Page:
Trump hits back at ‘grossly incompetent’ Obama
Democrats launch inquiry amid deepening controversy over Trump’s firing of watchdog
Dismissed US State Department inspector general Steve Linick. Photograph: Nicholas Kamm/AFP via Getty
Asked about his predecessor’s criticism of the US response to the coronavirus pandemic during an online address to students on Saturday, the US president said he had not heard the remarks. But he added: “Look, he was an incompetent president, that’s all I can say. Grossly incompetent.”
Mr Trump’s comments are his latest attack on Mr Obama, who has made a number of interventions in recent weeks after keeping a low profile since completing his second term of office in January 2017.
In two “virtual” speeches at the weekend, Mr Obama said officials in Washington “aren’t even pretending to be in charge” of the coronavirus pandemic, adding that the virus had “torn back the curtain on the idea that so many of the folks in charge know what they’re doing”.
He urged his audience of graduating students to think “not only about ourselves, but also about each other” as they begin the next stage of their lives.
Mr Trump, who spent the weekend at Camp David, the president’s Maryland retreat, with Republican members of Congress and aides, did not comment on the deepening controversy over his decision to fire a top government watchdog late on Friday night.
Democrats have launched an investigation into Mr Trump’s abrupt dismissal of State Department inspector general Steve Linick – the latest move by the president to remove independent inspectors from their positions.
Mr Trump dismissed Mr Linick from his post amid reports that the government official was examining secretary of state Mike Pompeo’s deployment of an employee to conduct personal activities for him and his wife.
Mr Linick is the fourth inspector general to be removed by Mr Trump in recent months. Inspectors general are tasked with overseeing government agencies to ensure that no mismanagement or fraud occurs.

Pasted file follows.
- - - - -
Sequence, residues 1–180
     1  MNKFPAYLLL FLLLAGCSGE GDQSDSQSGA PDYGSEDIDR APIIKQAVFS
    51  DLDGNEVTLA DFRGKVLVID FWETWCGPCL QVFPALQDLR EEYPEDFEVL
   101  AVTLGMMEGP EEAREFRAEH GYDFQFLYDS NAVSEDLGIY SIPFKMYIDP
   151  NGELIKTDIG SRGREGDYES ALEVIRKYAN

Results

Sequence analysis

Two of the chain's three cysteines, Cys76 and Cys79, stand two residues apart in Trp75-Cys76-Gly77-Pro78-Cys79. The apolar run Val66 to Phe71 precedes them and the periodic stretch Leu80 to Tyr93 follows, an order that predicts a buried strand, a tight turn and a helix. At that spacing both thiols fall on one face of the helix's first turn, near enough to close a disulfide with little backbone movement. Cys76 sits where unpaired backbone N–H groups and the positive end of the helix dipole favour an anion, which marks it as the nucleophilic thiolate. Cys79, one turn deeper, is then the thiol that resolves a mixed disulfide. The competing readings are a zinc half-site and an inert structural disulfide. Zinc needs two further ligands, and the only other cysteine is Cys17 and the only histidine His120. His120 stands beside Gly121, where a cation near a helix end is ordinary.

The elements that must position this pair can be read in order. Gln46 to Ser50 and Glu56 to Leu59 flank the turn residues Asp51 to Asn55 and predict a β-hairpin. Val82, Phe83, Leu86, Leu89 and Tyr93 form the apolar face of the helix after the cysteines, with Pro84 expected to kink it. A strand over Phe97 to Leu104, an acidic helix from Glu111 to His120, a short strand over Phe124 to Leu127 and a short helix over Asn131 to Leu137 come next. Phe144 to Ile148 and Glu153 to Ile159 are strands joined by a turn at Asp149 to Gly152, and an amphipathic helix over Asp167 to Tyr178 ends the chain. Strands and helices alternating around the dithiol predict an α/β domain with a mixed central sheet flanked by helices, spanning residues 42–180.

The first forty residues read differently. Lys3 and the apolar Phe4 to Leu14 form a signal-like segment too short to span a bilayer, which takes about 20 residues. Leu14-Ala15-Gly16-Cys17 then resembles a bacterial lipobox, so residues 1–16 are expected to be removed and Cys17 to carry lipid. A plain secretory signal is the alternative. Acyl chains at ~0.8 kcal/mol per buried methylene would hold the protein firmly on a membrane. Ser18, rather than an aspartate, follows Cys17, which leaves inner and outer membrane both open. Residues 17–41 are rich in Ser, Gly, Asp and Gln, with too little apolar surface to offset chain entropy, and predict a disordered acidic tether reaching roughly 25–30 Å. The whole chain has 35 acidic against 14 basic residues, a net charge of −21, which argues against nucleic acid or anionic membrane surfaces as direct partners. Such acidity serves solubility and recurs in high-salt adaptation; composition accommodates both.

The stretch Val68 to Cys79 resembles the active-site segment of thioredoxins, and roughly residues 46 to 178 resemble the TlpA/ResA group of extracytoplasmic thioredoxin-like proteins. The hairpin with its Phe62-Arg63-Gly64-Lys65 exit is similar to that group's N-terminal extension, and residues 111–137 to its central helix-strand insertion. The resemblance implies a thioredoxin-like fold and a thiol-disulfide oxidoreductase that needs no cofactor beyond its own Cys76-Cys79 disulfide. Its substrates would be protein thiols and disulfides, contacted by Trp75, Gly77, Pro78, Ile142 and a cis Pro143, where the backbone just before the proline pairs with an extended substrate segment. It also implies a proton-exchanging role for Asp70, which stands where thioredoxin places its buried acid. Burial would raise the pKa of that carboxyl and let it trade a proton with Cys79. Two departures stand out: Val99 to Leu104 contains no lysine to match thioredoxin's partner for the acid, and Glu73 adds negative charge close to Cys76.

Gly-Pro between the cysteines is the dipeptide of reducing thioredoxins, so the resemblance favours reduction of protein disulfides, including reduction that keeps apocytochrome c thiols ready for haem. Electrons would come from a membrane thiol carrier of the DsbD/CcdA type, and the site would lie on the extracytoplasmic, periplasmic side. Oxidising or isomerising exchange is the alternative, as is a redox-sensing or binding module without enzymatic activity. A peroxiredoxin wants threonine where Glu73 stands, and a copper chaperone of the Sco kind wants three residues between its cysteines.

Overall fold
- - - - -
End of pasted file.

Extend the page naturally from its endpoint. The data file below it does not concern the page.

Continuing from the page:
Mr Trump previously fired the intelligence community’s inspector general, Michael Atkinson, who handled the whistleblower complaint about Mr Trump’s phone call with Ukrainian president Volodymyr Zelenskiy last July. The complaint ultimately led to the president’s impeachment by the House of Representatives last December.
He also recently removed the acting inspector general at the defence department, Glenn Fine, and the watchdog at the Department of Health and Human Services, Christi Grimm.
As required by law, Mr Trump notified Congress of his decision to remove Mr Linick in a letter on Friday night. “It is vital that I have the fullest confidence in the appointees serving as inspectors general,” he wrote. “That is no longer the case with regard to this inspector general.”
In a joint statement, senior Democrats Eliot Engel from New York and Senator Bob Menendez, announced an investigation and urged the White House to turn over documents relating to Mr Linick’s dismissal. The two lawmakers said the dismissal was “transparently designed to protect Secretary Pompeo from personal accountability”, and undermined “the foundation of our democratic institutions”.
House speaker Nancy Pelosi pointed to a “dangerous pattern of retaliation against the patriotic public servants charged with conducting oversight on behalf of the American people”.
Some Republicans also rebuked the president, including Utah senator Mitt Romney – the only Republican to vote in favour of two articles of impeachment against Mr Trump earlier this year.
“The firings of multiple inspectors general is unprecedented; doing so without good cause chills the independence essential to their purpose,” he wrote on Twitter. “It is a threat to accountable democracy and a fissure in the constitutional balance of power.”
Chuck Grassley, the Republican chairman of the Senate finance committee, said inspectors general were “crucial in correcting government failures and promoting the accountability that the American people deserve”. Susan Collins, the Republican senator from Maine, also criticised Mr Linick’s dismissal.
Mr Trump has frequently spoken about what he believes is a “deep state” conspiracy among members of the federal government and the intelligence community against his presidency. Mr Linick was appointed by then president Barack Obama in 2013. Stephen Akard, an ally of vice-president Mike Pence, was named by Mr Trump as Mr Linick’s replacement.